Subcommittee on Research and Science Education Holds Hearing to Examine Spending at the National Science Foundation

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Publication date: 
25 May 2012

On May 9, the House Science, Space, and Technology  Committee’s Subcommittee on Research and Science Education held a hearing  entitled “Ensuring the Best Stewardship  of American Taxpayer Dollars at the National Science Foundation” during  which Members heard from Allison Lerner, Inspector General of the National Science  Foundation (NSF), on findings of the Office of the Inspector General (OIG).

The NSF OIG “provides  independent oversight of the Foundation’s programs and operations.  The OIG is responsible for promoting  efficiency and effectiveness in agency programs and for preventing and  detecting fraud, waste, and abuse” according to the hearing charter  prepared by committee staff. “The OIG is  responsible for assessing internal controls, financial management, information  technology, and other systems that affect the operation of NSF programs….  The OIG conducts independent and objective  audits, investigations, and other reviews to support NSF in its mission by  promoting the economy, efficiency, and effectiveness and safeguarding the  integrity of NSF programs and operations” further explains the hearing  charter.           

Members of the subcommittee were particularly focused on  addressing the issue of contingency costs during this hearing.  Their interest in this topic echoed the  Report prepared by the House Appropriations Committee to accompany HR 5326, the  Commerce, Justice, and Science Appropriations Bill for 2013, which stated:

“NSF has been engaged  in a lengthy discussion process with the NSF OIG to resolve an ongoing dispute  about project contingency budgets. Tens of millions of dollars of potentially  unallowable contingency costs hinge on the resolution of this dispute, and the  Committee believes that it is taking too long for a consensus resolution to be  reached. NSF is directed to provide the Committees on Appropriations with an  immediate update on the status of efforts to resolve these issues and to  provide quarterly updates thereafter until such time that NSF and the OIG reach  an agreement.”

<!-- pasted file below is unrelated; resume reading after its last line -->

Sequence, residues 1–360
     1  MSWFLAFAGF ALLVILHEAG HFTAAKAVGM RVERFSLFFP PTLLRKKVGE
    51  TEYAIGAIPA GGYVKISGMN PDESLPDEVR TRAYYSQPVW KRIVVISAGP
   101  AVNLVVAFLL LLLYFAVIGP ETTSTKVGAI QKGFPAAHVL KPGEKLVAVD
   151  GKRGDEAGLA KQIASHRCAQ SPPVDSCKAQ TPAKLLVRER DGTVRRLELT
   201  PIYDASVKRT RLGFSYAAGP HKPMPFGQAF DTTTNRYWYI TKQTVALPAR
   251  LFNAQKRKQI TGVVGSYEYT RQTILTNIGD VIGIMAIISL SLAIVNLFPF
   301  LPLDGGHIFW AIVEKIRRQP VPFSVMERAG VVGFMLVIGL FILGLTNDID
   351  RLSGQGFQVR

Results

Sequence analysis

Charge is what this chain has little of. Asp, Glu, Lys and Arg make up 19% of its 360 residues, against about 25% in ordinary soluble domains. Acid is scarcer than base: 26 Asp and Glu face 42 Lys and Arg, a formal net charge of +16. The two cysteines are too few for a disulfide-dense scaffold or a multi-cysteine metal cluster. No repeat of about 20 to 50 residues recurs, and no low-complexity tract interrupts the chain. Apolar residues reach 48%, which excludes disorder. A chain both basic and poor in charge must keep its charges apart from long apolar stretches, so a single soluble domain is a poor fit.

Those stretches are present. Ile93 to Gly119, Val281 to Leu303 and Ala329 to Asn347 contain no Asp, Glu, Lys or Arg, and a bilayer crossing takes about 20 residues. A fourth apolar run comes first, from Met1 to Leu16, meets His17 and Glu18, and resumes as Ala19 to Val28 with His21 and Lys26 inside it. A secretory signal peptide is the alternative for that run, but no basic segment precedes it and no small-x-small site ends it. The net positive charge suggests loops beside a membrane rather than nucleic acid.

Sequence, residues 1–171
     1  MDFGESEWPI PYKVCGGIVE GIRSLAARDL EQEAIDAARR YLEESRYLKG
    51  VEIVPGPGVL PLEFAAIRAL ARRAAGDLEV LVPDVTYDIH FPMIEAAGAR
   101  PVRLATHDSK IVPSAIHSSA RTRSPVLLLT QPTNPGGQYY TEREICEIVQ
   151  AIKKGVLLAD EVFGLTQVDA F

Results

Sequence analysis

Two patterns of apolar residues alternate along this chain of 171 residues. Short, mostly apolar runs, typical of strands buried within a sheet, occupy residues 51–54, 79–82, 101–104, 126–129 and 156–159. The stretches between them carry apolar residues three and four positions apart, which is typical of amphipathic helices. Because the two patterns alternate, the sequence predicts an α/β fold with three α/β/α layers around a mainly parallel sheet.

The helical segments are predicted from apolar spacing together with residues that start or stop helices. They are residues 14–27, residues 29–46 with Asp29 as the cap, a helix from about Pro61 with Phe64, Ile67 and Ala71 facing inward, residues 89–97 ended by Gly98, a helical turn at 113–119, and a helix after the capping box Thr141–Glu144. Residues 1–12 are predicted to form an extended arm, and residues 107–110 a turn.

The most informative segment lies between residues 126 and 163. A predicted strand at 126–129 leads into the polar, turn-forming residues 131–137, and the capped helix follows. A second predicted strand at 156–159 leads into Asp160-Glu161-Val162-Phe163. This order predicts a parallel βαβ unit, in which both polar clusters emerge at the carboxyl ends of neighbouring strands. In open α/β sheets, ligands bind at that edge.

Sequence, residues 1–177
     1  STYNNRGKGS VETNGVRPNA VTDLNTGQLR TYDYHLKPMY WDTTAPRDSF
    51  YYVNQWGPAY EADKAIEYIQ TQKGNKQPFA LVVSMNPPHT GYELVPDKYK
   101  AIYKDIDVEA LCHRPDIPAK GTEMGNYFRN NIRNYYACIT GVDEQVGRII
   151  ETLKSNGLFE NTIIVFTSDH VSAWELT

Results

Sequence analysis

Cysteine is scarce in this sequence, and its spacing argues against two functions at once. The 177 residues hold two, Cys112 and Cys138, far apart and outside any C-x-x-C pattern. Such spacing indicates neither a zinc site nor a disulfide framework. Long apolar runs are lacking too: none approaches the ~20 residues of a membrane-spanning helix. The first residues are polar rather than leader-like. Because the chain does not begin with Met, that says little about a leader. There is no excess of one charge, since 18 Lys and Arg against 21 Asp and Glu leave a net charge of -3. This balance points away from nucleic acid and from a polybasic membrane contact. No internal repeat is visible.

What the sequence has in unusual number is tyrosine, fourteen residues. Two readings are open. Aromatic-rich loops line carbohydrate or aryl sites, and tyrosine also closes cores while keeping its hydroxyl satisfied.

The FYI on that report can be read here

Subcommittee Chairman Mo Brooks (R-AL) was interested in the latest  developments on the Major Research Equipment and Facilities Construction  (MREFC) projects contingency issue.”   Brooks was also concerned about the findings of the NSF OIG on the issue  of fraud and abuse, stating that “by  identifying individuals who attempt to abuse the public trust or defraud  government programs, the OIG also enforces integrity in agency operations.”

Ranking Member Dan Lipinski (D-IL) cited, in his opening  statement, that he believes that the National Science Foundation is a  good steward of American taxpayer dollars, but it is our job on this  subcommittee to be continually vigilant in our oversight.”  He stated that “any incidents of misuse of grant funds, including in the SBIR [Small  Business Innovation Research] program, would be of great concern” and added  that he “would not want to see broad  support for the SBIR program erode because of the dishonest actions of a very  small minority of grantees.”  He also  expressed interest in questions raised by Lerner’s testimony which include “the way NSF manages for potential conflict  of interest among its grantees, and the appropriateness of NSF’s policies for  independent research and development for its staff.”

In her testimony, Lerner outlined the oversight role of OIG  highlighting that “since the agency’s  primary mission activity is accomplished through funding external awardees, the  success of NSF’s overall mission and the achievement of its goals are largely  dependent on effective grant and contract administration.”  She discussed the OIG’s oversight of NSF’s  grant and contract management and focused on the special risks related to  contingency funding in NSF’s large facility projects. 

The subcommittee held two recent hearings on funding issues  at large research facilities, those FYIs are available here and here